Specify the quantity, the type, and the make of the intelligent lighting. Generally a venue will have some sort of moving wash and moving spot fixture with a couple strobes. If you are going to be ordering a package from a local vendor, it is important to at least give one substitute as some companies only carry certain fixtures. Break it up by location; upstage, downstage, floor, etc.
If you are not carrying a console, give your preferences in order of what you would like. If you have a show file, make sure to specify the software version necessary for the console in order for your show to work. It surely isn’t a fun day when you show up with a show file to a console that hasn’t had its software updated at all.
DMX Lines from FOH
Specify if you need any DMX lines from FOH to stage for any lighting you brought.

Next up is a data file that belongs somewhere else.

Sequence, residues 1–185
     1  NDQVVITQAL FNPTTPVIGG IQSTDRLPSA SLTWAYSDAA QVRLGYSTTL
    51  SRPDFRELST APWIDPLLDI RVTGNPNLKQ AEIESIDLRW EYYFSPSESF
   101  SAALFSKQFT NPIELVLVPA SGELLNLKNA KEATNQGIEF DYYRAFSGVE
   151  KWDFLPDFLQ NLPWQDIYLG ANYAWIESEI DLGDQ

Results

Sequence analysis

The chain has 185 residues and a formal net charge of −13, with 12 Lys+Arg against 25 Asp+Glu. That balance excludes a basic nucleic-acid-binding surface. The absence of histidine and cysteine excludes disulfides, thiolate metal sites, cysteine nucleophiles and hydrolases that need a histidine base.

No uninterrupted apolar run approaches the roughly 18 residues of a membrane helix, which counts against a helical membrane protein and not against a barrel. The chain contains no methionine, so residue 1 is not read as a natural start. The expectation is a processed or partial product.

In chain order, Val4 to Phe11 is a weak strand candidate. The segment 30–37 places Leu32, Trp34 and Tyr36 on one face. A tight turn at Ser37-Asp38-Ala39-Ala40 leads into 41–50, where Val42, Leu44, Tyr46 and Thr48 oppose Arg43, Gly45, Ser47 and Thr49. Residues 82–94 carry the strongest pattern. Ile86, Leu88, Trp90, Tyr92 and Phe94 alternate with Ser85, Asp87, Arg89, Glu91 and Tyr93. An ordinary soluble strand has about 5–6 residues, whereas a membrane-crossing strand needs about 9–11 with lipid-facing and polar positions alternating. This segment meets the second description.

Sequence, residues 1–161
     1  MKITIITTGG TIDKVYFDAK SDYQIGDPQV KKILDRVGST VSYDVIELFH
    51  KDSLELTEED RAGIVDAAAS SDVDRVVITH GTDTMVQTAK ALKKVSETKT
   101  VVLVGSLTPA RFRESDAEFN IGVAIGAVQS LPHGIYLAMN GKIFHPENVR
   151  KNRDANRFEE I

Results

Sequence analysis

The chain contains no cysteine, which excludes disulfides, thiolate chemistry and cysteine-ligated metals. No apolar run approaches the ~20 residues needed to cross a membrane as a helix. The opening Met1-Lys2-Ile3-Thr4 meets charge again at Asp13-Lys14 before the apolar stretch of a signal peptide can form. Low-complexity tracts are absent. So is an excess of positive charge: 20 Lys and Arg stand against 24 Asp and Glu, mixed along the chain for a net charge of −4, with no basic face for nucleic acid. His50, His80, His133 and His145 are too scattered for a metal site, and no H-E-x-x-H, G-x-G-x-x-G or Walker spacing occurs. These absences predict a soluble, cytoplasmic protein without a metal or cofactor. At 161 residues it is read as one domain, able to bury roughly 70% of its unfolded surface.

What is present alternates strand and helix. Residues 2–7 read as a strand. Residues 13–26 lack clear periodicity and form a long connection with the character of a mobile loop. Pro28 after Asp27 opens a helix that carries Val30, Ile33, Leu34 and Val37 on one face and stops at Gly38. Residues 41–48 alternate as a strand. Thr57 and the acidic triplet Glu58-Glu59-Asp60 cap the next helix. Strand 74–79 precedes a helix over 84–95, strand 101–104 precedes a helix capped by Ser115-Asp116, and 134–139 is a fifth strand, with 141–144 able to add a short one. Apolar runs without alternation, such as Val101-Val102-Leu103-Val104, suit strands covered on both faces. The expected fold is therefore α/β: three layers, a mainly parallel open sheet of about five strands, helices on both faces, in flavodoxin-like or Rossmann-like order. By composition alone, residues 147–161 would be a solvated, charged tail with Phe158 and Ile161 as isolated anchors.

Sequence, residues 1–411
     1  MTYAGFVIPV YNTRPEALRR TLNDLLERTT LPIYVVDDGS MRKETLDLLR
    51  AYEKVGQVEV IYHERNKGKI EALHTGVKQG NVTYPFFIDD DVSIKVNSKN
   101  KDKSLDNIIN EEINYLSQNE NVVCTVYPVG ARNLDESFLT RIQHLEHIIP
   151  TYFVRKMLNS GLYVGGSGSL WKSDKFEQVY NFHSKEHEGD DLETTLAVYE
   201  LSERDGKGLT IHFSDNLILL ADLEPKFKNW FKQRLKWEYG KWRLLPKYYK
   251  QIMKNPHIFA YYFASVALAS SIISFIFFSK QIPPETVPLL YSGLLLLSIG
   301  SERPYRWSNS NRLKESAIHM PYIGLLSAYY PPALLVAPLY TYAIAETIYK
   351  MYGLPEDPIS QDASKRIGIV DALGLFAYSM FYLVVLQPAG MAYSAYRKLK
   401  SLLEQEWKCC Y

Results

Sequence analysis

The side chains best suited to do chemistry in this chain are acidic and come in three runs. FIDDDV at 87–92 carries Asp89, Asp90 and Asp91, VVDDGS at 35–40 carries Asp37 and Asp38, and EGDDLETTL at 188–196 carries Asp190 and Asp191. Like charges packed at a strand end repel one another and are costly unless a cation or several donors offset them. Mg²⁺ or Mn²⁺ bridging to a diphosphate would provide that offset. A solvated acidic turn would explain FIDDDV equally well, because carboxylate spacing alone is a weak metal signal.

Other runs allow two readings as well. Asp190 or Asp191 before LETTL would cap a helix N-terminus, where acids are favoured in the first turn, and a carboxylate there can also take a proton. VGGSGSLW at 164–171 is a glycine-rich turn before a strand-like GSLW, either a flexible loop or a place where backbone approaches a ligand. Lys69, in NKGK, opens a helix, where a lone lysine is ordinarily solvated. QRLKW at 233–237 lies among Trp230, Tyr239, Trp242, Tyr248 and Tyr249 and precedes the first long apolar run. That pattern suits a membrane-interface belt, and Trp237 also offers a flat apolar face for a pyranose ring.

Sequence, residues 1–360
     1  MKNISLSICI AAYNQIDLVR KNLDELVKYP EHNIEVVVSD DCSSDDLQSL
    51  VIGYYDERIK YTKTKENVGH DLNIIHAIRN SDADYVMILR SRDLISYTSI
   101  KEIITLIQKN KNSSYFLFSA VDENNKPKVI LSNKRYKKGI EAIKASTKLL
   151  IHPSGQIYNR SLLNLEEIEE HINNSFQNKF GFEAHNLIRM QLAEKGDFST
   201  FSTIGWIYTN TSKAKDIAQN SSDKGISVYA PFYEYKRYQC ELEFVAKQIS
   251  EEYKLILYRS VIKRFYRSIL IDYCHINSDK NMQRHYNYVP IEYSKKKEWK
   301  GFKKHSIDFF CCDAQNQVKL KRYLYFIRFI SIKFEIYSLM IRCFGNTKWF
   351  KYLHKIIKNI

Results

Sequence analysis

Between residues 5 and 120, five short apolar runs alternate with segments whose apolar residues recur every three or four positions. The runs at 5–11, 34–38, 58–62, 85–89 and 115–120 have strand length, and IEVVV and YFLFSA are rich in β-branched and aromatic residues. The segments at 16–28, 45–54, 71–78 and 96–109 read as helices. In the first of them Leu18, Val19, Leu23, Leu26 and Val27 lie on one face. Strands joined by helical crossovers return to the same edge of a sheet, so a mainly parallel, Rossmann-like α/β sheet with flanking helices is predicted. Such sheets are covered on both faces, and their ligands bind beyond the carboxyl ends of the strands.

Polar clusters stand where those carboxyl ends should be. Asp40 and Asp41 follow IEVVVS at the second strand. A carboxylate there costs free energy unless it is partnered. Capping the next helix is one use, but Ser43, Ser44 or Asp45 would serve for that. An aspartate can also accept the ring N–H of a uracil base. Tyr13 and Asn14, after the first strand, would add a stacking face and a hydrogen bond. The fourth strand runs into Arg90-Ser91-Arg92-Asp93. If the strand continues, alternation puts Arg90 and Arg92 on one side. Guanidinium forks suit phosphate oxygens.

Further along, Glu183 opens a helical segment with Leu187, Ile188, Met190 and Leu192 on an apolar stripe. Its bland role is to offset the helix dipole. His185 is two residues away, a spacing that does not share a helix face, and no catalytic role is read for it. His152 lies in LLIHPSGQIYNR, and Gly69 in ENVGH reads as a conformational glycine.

Specify what console you have so that the venue can make sure they have enough space for your set up at their FOH position.
If you are carrying a backdrop, lighting or scenic elements you need to specify the size and the weight of such things. For the backdrop and scenic, give the dimensions both width and height to make sure your backdrop and scenic can be accommodated for, a lot of stages are narrower and have lower ceilings than you think. The weight of any backdrop, lighting and/or any scenic pieces is very important to see if the venues truss can support it. A lot of the venues will have weight and rigging restrictions and being able to troubleshoot all this before you arrive makes for a much smoother load in.